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Bankers Launch Anti-Fraud Measures, Calling for Stronger Punishments for Culprits :: Uganda Radionetwork
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Bankers Launch Anti-Fraud Measures, Calling for Stronger Punishments for Culprits

The Banking Industry Guidelines on Mitigation of Fraud (BIGF) framework provides for a Grey List for individuals or entities who are suspected of being involved in fraud, and a Black List that will feature those confirmed or convicted fraudsters, and these lists shall only be visible to designated officers or individuals as per the guidelines.
DG Atingi-Ego and UBA Chairperson, Arapta launch the anti-fraud guidelines

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The banking industry in Uganda has launched guidelines and a code of ethics aimed at harmonizing at strengthening the fight against fraud in the financial sector. Currently, the different financial institutions have different approaches and individual policies on fraud prevention, but this is seen as ineffective as long as there is no integrated system. 

The Banking Industry Guidelines on Mitigation of Fraud (BIGF) framework provides for a Grey List for individuals or entities who are suspected of being involved in fraud, and a Black List that will feature those confirmed or convicted fraudsters, and these lists shall only be visible to designated officers or individuals as per the guidelines. 

Sarah Arapta, the Chairperson Uganda Bankers Association urged for stricter enforcement of the laws, as well as a review of the penal regime to make the punishments to offenders more deterrent.   

//Cue in: “We unfortunately see… 

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“Placement on the grey list means the matter has moved from a suspicious fraud incident or involvement to internal investigations being concluded and the matter has been reported to Police, but conviction in court has not yet occurred,” says the UBA. 

Placement on the grey list requires member participants in the BIGF to be cautious and on the lookout regarding any transaction in which that party is involved. The Blacklist, on the other hand, shall entail customers, collaborators, and staff for whom judgment or conviction by a court of law has been secured.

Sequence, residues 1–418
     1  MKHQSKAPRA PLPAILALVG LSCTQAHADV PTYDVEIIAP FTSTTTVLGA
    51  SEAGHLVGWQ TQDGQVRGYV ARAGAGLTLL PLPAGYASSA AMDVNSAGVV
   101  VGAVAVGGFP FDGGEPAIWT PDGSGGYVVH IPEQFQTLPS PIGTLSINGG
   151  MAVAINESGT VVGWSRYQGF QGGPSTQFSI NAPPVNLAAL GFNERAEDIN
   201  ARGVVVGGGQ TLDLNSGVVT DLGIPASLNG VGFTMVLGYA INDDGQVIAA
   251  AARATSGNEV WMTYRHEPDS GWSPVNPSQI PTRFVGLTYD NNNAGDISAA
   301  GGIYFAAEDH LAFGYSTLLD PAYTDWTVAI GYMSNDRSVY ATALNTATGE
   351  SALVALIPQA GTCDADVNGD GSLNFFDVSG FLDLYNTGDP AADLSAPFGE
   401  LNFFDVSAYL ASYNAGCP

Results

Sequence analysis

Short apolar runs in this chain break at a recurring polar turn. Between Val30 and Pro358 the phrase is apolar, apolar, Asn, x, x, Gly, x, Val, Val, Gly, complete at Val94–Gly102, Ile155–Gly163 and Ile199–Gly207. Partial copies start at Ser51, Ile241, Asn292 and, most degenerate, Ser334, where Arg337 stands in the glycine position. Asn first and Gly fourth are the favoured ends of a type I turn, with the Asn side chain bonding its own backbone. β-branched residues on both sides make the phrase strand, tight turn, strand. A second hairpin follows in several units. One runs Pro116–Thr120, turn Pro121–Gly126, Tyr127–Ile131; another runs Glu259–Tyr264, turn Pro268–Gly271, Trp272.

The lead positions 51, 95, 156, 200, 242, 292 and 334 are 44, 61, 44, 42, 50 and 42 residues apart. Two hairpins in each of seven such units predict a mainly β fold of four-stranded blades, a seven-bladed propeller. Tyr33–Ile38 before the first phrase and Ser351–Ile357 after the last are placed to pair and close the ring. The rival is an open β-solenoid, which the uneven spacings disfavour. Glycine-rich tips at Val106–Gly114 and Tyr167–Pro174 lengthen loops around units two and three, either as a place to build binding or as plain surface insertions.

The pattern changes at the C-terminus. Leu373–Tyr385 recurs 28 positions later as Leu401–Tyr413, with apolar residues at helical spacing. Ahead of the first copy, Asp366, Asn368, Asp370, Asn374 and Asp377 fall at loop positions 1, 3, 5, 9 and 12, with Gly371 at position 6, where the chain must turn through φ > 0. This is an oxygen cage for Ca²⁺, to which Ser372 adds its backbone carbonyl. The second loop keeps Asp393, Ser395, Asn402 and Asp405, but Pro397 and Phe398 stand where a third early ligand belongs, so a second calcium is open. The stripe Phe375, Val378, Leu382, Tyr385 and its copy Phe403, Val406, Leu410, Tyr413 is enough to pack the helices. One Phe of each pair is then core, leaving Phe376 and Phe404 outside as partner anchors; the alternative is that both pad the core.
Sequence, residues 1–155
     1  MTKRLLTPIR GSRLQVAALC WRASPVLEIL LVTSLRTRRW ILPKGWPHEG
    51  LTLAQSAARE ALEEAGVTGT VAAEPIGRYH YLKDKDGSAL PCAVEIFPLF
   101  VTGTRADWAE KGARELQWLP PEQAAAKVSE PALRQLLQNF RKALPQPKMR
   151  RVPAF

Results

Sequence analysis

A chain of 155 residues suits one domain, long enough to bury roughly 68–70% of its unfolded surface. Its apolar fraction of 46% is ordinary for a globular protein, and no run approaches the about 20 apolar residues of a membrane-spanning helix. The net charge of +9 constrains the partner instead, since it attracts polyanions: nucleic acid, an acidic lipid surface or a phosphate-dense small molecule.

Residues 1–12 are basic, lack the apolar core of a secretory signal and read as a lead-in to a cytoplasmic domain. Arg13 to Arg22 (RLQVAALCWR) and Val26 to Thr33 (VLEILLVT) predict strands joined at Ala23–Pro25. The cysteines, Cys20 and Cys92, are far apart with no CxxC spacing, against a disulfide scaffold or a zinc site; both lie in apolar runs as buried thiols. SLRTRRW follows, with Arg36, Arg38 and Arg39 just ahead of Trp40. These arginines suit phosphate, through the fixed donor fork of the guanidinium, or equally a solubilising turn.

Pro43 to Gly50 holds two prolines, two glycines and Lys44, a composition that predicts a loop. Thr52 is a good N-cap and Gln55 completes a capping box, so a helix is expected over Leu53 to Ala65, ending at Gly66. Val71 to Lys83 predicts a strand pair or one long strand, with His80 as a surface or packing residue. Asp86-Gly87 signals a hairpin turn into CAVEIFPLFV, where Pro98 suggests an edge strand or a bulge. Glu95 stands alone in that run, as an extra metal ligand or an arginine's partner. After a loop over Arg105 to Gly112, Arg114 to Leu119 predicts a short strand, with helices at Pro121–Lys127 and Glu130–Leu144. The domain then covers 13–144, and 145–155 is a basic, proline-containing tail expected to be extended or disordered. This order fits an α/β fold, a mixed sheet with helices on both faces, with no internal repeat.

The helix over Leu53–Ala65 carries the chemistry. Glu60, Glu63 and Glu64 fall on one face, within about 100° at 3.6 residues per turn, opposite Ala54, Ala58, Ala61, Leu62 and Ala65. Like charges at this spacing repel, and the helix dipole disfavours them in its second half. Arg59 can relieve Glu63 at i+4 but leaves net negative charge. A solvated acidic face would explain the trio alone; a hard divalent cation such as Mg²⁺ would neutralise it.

“Being on the blacklist will warrant denial of service to that individual or firm depending on the circumstances, by all members participating in the BIGF either permanently or for such period as may be recommended by the fraud committee,” it says. 

The Code of Conduct is a set of guiding principles, values, and standards, outlining expected behavior and ethical conduct for all staff of UBA member institutions and the secretariat. It is aimed at encouraging adherence to good corporate governance across the banking industry and serves as a framework for decision-making and maintaining integrity and compliance.  

The Code aims to uphold the highest ethical standards in all actions, conduct duties with professionalism and expertise, demonstrate honesty, trustworthiness, and moral principles, and abide by relevant laws, regulations, and industry best practices. Others are addressing risks “responsibly and proactively”, aligning behavior with organizational culture and values, making ethical decisions considering stakeholders' interests, and fostering trust among stakeholders through transparency and consistency, among others.

The industry says the rise in electronic, cyber, and other forms of financial crime is being abetted by technological evolution, which is otherwise vital for the improvement of service delivery. Arapta says the increasingly innovative youth population, lack of job opportunities, globalization, and availability of enabling digital tools, among others, are making it easier for crime to thrive. 

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Wibrod Owor, the UBA Executive Director, said the cybercrime industry is so lucrative and is increasingly getting more sophisticated and organised, with professionals in different fields, which is estimated at 10 billion dollars globally. 

This view is also shared by the Deputy Governor, of the Bank of Uganda, Michael Atingi-Ego, who says the only solution for the banking industry is to stay on top of the game. According to him, the hijacking of accounts and identity theft, which is a global crime, are on the rise and very challenging.  

//Cue in: “Account takeover frauds… 

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Atingi-Ego says the evolution of the digital industry was a welcome development, easing the service delivery by bankers to the public, and even making banking easy and attractive, yet the same technology, including ChatGPT, is now being used by criminals.  

//Cue in: “Unfortunately, malicious actors… 

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